Biological opinions on lake levels expected
New biological opinions will be released in the coming weeks from two regulatory agencies: The U.S. Fish and Wildlife Service and the National Marine Fisheries Service.
Jon Hicks, planning division chief at the Bureau of Reclamation, said the new opinions could change in-stream flow and lake level requirements.
The last biological opinion was released in 2002, but BOR has been operating in-stream flow levels under a judge’s order since 2006.
This coming biological opinion is part of the judge’s requirement to review the issue.
National Marine Fisheries Services issues the biological opinion for the coho salmon downriver of the Iron Gate Dam. The U.S. Fish and Wildlife Service gives the biological opinion for two endangered species of suckers in the Upper Klamath Lake.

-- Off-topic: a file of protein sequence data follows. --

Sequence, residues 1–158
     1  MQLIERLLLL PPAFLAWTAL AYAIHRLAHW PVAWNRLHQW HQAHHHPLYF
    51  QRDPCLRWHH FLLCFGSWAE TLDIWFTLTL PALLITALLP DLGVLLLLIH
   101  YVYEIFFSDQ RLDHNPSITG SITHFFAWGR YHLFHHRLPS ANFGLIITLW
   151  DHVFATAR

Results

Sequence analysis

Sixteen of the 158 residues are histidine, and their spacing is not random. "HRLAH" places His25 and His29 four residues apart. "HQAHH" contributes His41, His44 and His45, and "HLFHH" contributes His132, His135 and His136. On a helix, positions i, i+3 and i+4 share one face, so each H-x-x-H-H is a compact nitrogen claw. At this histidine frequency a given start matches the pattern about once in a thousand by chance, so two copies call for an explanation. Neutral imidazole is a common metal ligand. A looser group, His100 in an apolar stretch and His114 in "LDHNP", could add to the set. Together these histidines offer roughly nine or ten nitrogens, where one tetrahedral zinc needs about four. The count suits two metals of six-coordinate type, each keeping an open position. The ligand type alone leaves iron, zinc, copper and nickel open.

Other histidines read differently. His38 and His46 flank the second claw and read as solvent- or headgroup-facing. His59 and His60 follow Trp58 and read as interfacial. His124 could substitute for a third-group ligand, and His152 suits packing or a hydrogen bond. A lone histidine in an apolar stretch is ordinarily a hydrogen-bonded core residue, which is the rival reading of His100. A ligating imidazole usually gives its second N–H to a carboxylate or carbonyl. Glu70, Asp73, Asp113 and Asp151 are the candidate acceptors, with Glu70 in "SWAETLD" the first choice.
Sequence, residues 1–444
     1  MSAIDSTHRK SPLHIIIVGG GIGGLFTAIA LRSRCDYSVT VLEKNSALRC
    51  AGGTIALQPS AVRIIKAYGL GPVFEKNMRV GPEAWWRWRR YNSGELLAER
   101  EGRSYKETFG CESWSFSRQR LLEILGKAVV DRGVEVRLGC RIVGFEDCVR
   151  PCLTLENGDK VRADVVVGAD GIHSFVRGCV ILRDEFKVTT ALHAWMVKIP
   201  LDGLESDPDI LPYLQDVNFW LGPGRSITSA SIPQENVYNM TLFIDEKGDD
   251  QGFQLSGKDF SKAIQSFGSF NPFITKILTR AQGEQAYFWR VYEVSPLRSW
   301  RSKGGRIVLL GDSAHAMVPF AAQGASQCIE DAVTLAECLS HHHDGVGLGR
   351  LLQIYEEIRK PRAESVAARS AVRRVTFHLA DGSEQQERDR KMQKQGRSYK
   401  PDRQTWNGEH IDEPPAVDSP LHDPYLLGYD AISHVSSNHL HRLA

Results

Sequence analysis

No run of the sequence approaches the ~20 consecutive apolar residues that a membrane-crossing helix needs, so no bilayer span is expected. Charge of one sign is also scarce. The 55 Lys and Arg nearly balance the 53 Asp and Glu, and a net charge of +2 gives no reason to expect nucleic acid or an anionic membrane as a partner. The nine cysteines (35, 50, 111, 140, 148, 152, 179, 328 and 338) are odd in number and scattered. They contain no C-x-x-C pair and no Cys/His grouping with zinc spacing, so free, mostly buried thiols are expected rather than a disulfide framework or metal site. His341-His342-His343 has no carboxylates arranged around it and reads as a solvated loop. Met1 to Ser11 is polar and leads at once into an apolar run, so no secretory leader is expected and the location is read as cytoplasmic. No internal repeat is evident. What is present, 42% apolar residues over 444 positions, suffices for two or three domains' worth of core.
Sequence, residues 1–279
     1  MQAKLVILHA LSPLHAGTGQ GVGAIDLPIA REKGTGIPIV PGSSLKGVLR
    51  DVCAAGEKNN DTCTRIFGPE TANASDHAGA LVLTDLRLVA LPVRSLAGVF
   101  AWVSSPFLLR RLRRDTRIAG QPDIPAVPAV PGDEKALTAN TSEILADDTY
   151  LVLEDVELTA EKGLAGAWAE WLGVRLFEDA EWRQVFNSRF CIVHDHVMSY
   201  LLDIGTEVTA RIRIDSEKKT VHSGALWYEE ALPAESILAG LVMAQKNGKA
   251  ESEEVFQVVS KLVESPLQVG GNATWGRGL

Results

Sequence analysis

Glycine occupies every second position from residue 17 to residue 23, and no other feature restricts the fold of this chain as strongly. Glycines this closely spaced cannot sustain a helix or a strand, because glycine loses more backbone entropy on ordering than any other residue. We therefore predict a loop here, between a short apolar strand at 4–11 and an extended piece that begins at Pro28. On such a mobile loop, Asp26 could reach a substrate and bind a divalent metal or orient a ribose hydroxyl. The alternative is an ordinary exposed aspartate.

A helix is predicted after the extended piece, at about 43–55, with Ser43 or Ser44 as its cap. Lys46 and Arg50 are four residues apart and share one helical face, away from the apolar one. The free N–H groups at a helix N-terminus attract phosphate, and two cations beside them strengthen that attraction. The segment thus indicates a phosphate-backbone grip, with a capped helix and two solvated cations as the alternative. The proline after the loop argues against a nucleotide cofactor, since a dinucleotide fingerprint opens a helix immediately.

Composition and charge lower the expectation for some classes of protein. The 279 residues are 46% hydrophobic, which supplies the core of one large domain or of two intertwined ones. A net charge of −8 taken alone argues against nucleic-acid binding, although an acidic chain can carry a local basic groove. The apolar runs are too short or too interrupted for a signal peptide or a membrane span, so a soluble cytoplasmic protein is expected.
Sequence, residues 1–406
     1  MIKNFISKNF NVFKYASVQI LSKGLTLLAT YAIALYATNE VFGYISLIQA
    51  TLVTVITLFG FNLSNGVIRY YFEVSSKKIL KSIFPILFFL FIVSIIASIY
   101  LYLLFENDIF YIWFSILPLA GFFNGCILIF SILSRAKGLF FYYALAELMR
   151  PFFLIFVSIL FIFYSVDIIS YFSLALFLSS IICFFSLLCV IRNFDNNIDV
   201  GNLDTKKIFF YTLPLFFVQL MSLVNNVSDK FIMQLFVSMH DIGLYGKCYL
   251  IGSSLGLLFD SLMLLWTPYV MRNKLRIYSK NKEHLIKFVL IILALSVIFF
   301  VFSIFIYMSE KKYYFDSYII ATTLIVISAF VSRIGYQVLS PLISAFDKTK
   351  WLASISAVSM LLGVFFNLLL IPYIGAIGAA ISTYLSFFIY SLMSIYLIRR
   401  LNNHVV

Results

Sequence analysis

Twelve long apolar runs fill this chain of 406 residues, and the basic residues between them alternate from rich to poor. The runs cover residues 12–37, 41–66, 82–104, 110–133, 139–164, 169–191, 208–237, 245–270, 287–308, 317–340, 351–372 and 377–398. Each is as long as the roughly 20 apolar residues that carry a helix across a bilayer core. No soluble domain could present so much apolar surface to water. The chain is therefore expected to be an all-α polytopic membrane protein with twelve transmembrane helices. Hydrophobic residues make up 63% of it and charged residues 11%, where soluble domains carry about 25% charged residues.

Between these two biological opinions, the BOR must provide flows in the Klamath River downstream of the dam for salmon and also sustain the Upper Klamath Lake levels for endangered suckers.
At this time, in-stream flow requirements of the biological opinions at the Iron Gate Dam are 1,450 cubic feet per second. Hicks said current in-stream flow rates were above that. However, at the end of this month lake levels must be at 4,142.4 feet to meet the biological opinion for the suckers.
These two contrary biological opinions don’t mesh well, and create difficulties as officials try to keep water in and release it at the same time, Hicks said. The contrition arises from how the type of water year is gauged. One opinion distinguishes five water years, the other four, and these don’t match up, Hicks said. For this reason, he said, a new biological opinion was requested.